What you're going through sounds totally awful, and seems possibly like reading what you did triggered a sudden phobia? Have you already been very stressed/or dealing with other issues? I really feel inclined to say talk to a professional straight away about this as you're obviously not well and need some urgent support. It could possibly be a sign of other MH conditions too. Best wishes, I'm so sorry that you're going through this.
 
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Just A Girl

Just A Girl

Member
Joined
May 16, 2015
Messages
14
1. "when there is much evidence to the contrary"
In my opinion, If you go looking for evidence you will find it. Do dragons, unicorns or fairies etc exist? No, but i'm a sure that if i wanted to i could easily "prove" that any of these "exist" through scrawling the internet for articles & "studies" (and it really wouldn't take that long either). Just because something is written up in a professional manner and posted online does not in any way mean that it is legitimate (it is SO easy to create a website or anything you like on the internet). For scientific studies etc you should only stick to the most reputable, professional & credible of websites etc.
2. In my opinion, You will NOT get injured or killed in your sleep and you need to stop reading into this fear as the more credence you give it the more out of control the fear will become. Right now you are trying to prove that your fears exist (searching for online material to give credence to your fears, thinking along negative thought lines etc). But how do you expect anything to get better if you keep on getting drawn to "proving" your fears like a moth drawn to a flame?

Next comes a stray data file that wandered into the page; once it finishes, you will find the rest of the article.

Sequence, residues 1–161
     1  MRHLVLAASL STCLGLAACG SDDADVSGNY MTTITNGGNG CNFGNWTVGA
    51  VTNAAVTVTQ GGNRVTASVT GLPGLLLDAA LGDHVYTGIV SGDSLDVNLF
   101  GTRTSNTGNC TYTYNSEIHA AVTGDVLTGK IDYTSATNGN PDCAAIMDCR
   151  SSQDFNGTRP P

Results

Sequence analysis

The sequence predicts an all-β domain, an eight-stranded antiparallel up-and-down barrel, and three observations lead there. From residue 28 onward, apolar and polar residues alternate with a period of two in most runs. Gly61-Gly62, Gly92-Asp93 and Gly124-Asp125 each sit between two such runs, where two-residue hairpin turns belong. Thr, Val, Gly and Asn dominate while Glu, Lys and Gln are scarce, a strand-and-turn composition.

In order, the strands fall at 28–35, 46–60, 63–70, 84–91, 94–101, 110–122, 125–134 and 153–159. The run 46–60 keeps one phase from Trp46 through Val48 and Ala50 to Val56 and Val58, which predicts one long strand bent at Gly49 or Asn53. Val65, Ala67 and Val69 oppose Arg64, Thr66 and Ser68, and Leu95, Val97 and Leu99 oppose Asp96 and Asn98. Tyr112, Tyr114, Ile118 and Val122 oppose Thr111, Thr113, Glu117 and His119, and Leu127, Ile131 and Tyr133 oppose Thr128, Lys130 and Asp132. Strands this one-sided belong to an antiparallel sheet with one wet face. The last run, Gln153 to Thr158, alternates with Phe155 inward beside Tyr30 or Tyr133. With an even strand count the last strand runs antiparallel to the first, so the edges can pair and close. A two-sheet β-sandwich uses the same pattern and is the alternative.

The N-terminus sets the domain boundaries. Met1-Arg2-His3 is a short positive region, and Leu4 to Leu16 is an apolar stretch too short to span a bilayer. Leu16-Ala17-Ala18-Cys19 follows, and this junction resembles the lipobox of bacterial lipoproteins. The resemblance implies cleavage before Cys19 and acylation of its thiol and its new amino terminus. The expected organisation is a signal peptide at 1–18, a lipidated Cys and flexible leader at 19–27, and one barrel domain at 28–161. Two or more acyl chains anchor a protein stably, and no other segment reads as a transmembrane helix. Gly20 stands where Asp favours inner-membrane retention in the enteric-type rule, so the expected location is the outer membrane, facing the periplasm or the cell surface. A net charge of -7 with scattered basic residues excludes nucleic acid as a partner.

I used to get a terrible reoccurring dream about being on a beach when suddenly i saw a tsunami wave approaching. I would desperately scramble back up the beach (which was obviously panicky as its hard to run through sand etc) and try to climb up the beach cliff etc but each time i only made it out of the tsunamis way by the skin of my teeth. It was an extremely distressing dream and always felt very real to me each time i had it, but to this day have i ever had to run from a real life tsunami? No (and no i don't think i ever will have to).

Think back on all your dreams. Every night you dream and in your lifetime you will have had hundreds of thousands of dreams. Have any of these hundreds of thousands of dreams actually genuinely predicted something awful that really happened? You would probably be lucky to name even just 1 in a 3 thousand like that. So how is this dream any different? Just because it was so awful to experience does not mean it is anymore likely to happen than any other fantastical dream you've had over the years (just because a dream feels more real does not in any way mean it is more likely to actually become real).

Anyhoo just my 2c on the situation.
 
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Eigau

Guest
Hi Debbieb, it is important to acknowledge and accept all your fears. Then do what you can to understand the fear and find effective ways to respond to it when it occurs. You may want to treat the fear as though it was a person, for example:

Hello Fear, I am Debbieb.

(Introduce yourself and have a natural conversation with Fear and put how Fear would respond.)

I am Fear.

(Ask general questions to get a conversation going and try to remain objective despite any emotions)

Hi Fear, I've always thought you were quite strong. How did you get to be so strong?

(This may be a useful question to start with, your response as Fear may help you understand it more)

------------------------------

Why not try a few questions here, and see where it goes. I'll hang around and be near by if you like.

Te